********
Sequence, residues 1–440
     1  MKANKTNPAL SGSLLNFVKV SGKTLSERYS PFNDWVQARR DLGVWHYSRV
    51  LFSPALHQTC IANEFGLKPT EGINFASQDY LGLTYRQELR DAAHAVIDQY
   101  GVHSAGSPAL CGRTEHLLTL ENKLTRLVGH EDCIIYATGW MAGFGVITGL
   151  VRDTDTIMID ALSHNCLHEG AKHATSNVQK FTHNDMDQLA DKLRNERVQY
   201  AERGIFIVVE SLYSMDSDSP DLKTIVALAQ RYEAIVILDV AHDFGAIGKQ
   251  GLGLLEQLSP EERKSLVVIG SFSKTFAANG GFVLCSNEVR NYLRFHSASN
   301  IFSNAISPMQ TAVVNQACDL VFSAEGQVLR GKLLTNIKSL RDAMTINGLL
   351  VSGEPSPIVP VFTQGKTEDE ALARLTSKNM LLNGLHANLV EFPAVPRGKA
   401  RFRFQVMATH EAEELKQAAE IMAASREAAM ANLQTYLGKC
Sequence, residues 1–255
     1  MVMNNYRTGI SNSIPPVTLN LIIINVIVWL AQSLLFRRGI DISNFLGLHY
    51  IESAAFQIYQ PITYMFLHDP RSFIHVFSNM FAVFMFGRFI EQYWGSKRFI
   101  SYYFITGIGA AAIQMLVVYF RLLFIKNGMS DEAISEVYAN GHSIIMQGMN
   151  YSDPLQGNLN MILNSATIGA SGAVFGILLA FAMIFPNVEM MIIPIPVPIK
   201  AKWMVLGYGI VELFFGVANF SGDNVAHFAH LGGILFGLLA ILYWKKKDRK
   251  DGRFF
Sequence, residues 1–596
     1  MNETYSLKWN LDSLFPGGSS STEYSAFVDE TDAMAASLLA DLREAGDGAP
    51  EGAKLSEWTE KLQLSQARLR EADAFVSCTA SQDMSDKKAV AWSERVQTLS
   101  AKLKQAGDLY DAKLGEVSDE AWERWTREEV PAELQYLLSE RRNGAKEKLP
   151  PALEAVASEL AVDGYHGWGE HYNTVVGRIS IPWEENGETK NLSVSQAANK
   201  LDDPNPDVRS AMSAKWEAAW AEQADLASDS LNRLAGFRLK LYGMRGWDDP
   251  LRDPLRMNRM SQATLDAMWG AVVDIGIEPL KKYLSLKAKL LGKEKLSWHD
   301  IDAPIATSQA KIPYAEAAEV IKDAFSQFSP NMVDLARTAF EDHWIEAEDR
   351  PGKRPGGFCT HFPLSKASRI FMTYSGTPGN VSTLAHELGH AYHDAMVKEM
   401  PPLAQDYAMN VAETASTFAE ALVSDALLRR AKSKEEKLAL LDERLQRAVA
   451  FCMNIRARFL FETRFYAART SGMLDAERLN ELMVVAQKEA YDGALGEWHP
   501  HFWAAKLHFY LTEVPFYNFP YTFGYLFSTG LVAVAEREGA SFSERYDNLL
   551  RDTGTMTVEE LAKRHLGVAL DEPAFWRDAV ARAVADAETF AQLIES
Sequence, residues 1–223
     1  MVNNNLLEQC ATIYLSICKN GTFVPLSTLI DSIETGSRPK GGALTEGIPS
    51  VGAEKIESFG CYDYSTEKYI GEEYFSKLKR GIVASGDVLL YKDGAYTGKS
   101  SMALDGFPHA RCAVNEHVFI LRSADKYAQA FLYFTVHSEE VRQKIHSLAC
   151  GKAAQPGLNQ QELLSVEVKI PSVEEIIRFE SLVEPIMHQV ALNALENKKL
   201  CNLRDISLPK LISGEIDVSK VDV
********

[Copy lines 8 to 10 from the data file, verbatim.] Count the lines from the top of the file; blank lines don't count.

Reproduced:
   301  IFSNAISPMQ TAVVNQACDL VFSAEGQVLR GKLLTNIKSL RDAMTINGLL
   351  VSGEPSPIVP VFTQGKTEDE ALARLTSKNM LLNGLHANLV EFPAVPRGKA
   401  RFRFQVMATH EAEELKQAAE IMAASREAAM ANLQTYLGKC